All it takes for a business to change the way it does things is to have someone die. That’s exactly what happened at Goldman Sachs. According to the Guardian, an intern in London died after working 72 hours straight.
Wall Street’s shift to caring capitalism comes in the wake of the death of a 21-year-old Bank of America Merrill Lynch intern who had regularly pulled all-nighters in a desperate bid to impress his bosses.
Erhardt was found dead in the shower at his London accommodation after working 72 hours straight. An inquest found he died of an epileptic seizure that could have been a triggered by his long working hours.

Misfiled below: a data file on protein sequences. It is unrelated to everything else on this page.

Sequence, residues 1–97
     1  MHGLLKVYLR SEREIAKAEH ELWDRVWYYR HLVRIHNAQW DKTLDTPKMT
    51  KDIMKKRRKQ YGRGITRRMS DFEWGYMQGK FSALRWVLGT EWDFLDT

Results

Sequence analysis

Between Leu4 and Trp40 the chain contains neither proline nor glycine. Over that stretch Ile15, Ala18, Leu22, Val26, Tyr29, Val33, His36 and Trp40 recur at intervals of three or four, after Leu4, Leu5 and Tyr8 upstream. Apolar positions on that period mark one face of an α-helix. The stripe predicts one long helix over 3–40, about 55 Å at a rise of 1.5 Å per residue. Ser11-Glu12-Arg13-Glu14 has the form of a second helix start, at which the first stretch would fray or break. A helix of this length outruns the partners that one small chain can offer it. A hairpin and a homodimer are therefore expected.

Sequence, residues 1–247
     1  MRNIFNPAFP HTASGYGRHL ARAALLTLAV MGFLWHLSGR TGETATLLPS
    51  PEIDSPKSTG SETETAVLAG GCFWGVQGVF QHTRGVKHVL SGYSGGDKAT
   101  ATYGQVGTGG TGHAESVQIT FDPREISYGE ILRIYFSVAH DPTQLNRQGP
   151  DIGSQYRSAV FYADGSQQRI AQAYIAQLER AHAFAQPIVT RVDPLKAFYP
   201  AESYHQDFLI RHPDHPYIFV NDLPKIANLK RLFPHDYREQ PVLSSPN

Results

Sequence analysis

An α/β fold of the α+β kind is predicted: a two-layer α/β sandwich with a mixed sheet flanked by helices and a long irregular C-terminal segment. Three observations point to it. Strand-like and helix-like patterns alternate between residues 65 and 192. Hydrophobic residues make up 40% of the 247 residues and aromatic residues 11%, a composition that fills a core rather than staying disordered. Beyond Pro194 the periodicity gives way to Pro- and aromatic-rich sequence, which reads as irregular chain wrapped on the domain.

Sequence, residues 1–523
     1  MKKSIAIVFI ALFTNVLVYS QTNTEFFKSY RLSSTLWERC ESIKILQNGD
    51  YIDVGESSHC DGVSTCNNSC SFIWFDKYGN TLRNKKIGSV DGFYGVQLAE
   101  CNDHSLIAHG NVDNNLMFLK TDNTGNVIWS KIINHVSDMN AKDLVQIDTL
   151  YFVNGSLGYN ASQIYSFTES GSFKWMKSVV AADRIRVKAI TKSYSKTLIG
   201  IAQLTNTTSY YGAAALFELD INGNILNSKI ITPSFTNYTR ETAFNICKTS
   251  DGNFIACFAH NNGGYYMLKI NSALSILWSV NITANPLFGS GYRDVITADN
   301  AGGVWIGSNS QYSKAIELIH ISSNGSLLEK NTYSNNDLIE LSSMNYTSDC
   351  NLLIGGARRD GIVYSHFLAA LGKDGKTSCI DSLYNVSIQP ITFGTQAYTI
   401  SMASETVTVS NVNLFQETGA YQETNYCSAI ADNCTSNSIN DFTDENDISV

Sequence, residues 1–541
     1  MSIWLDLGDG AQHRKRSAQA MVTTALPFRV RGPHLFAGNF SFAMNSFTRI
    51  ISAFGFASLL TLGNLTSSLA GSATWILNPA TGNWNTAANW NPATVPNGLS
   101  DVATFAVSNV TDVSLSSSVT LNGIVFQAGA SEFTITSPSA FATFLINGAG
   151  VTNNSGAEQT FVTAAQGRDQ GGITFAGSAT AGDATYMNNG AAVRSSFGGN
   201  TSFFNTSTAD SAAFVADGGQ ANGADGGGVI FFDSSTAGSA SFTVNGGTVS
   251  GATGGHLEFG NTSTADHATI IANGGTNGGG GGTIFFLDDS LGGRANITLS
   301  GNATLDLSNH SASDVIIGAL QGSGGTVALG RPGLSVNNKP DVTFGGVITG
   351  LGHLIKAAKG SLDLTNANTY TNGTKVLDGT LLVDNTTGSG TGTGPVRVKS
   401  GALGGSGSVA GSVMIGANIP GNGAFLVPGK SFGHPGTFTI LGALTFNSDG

Shortly after Erhardt’s death, Goldman Sach’s CEO Lloyd Blankfein told his interns that they shouldn’t give over their whole lives to the firm. “You have to be interesting, you have to have interests away from the narrow thing of what you do,” he said. “You have to be somebody who somebody else wants to talk to.”